The Metropolitan Police and the Commonwealth Business Council (CBC) have joined forces to set up a working party to tackle the increasing threat of global cybercrime especially in offshoring companies.
The main aim of the working party will be to increase the cooperation between members of the commonwealth to exchange best practices on tackling specialist crime such as identity theft and compromised data security.
"The Commonwealth is a voluntary group of 53 nations which just happens to include all the major nations offering offshore outsourcing services such as IT and contact centres," said Mark Kobayashi-Hillary, global research director of CBC Technologies. "We would like to invite governments, private sector and trade bodies from across the world to join this very important initiative."
The recent spate of cases involving identity theft and compromised data security in offshore call centres emphasises the need for government and industry collaboration at an international level, according to the CBC.
The most high-profile case to date follows an investigation by an undercover reporter from The Sun who was sold the bank account details of 1,000 UK customers by a call centre worker in India.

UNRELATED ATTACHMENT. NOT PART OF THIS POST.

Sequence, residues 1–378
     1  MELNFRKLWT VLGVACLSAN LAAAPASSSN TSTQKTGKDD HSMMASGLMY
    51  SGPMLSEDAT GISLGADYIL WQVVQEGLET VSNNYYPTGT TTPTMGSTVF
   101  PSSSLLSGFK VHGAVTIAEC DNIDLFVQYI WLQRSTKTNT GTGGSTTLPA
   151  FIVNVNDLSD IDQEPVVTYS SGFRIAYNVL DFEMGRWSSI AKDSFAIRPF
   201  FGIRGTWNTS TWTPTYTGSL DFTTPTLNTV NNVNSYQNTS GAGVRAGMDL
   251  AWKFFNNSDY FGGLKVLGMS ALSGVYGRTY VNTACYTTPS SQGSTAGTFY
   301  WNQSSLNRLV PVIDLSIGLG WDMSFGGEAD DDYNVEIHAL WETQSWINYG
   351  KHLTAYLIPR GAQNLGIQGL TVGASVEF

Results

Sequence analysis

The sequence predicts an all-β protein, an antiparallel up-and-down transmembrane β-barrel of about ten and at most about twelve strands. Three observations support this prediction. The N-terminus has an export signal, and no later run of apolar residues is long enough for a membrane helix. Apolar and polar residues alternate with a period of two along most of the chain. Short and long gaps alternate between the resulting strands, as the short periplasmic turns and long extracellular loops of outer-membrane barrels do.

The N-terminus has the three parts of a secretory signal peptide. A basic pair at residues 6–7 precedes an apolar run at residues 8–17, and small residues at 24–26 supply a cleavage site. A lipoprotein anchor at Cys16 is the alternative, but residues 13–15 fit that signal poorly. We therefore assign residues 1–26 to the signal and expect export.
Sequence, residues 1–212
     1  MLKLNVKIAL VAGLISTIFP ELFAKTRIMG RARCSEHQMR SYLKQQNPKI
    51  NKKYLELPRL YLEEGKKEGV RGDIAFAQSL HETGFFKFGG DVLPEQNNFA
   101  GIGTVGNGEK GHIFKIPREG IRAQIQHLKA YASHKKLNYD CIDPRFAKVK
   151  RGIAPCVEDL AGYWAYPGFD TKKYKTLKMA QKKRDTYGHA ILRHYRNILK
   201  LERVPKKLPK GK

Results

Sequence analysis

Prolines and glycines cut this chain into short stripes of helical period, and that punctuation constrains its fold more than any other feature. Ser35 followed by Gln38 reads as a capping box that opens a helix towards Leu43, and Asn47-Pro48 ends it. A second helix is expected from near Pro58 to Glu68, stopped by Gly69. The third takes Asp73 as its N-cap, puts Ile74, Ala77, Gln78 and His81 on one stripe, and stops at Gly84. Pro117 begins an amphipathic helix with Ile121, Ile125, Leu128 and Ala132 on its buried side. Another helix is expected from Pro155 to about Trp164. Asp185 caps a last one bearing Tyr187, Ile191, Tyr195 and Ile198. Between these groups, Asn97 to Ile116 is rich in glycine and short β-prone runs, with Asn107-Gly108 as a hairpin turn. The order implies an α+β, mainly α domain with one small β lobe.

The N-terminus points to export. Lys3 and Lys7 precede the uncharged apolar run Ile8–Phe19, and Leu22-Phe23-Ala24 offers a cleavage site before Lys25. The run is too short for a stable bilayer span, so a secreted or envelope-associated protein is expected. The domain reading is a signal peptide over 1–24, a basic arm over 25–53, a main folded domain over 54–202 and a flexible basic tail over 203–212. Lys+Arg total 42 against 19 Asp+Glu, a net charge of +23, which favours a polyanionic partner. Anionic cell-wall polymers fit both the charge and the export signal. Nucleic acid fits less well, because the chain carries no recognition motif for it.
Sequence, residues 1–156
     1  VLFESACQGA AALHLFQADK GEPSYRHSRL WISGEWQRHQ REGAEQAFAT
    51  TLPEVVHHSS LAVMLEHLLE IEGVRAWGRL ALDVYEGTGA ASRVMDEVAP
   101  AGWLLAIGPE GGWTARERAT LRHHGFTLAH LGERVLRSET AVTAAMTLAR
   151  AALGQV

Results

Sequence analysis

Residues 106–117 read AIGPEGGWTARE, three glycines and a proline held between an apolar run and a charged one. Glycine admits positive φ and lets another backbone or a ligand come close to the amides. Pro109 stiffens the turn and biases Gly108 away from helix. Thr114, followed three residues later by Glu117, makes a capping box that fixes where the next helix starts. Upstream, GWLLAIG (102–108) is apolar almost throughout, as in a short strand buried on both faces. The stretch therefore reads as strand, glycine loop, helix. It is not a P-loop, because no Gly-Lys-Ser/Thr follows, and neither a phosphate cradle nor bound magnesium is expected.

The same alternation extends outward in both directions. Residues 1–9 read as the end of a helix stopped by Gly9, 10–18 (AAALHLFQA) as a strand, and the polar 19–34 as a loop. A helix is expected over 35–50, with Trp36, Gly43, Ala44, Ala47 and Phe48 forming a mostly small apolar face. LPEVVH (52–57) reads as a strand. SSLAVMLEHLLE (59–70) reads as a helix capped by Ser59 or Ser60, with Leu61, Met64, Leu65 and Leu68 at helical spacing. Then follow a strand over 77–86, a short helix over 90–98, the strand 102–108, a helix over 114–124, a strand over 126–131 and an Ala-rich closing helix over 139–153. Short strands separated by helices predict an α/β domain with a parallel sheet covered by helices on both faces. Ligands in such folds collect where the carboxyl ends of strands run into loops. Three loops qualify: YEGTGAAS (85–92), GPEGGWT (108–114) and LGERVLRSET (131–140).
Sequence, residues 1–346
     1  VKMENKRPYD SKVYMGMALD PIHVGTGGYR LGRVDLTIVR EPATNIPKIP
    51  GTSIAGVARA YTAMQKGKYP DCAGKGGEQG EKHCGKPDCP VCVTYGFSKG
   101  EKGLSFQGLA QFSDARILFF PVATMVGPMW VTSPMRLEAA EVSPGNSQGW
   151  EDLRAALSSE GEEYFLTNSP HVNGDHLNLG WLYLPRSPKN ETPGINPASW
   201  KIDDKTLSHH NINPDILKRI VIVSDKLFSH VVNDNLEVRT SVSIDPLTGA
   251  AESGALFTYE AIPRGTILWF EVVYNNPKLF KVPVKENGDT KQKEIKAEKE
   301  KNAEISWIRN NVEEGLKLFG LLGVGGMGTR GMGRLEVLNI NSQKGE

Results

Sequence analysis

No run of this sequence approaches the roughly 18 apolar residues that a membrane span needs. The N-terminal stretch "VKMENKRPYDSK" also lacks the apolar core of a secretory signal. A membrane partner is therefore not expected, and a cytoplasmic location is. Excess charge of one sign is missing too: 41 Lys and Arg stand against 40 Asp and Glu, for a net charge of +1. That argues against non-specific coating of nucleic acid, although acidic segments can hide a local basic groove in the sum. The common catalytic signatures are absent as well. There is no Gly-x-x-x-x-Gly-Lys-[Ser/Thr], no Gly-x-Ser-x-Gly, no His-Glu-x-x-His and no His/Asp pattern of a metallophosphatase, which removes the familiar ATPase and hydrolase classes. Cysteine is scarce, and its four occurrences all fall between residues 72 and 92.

The journalist was able to buy bank account, credit card, passport and driving licence details of UK bank customers for just £4.25 each.
The call centre worker in New Delhi also told the reporter he could supply confidential data from 200,000 accounts per month. The newspaper handed a dossier with all the details to the City of London police.
But the director general of the CBC, Dr Mohan Kaul, claimed that it was unfair to focus too much attention on security breaches in India as such problems are not limited to one region. "Because India captures the bulk of global offshore outsourcing deals, the probability of such cases happening there is higher than that in other destinations," he said. "In fact destination is irrelevant. Similar cases have happened all over the world. The ones in India are negligible compared to some incidents involving millions of dollars. "
India's National Association of Software and Services Companies is also taking part in the working party. The organisation's vice-president, Sunil Mehta, said his country takes economic crime extremely seriously and was actively involved in training local law enforcement agencies to tackle the problem. "Our entire end is to see that the issue of IT security doesn't become an incipient trade barrier to Indian business," he said.
The first meeting of the working party should be in September and over the next three months the CBC will encourage private and public sector participation in the programme while the Metropolitan Police provides direction and intelligence. "Economic crime is victimless and thus does not trigger immediate action, but inflicts heavy costs on the industry," said Tarique Ghaffur, assistant commissioner with the Metropolitan Police.
Tarique claimed that the total cost to the UK alone of economic crime last year was around £723m. He claimed that criminals often use London as a hub for launching schemes in the rest of the country or Europe.
slicon.com's Andy McCue contributed to this report.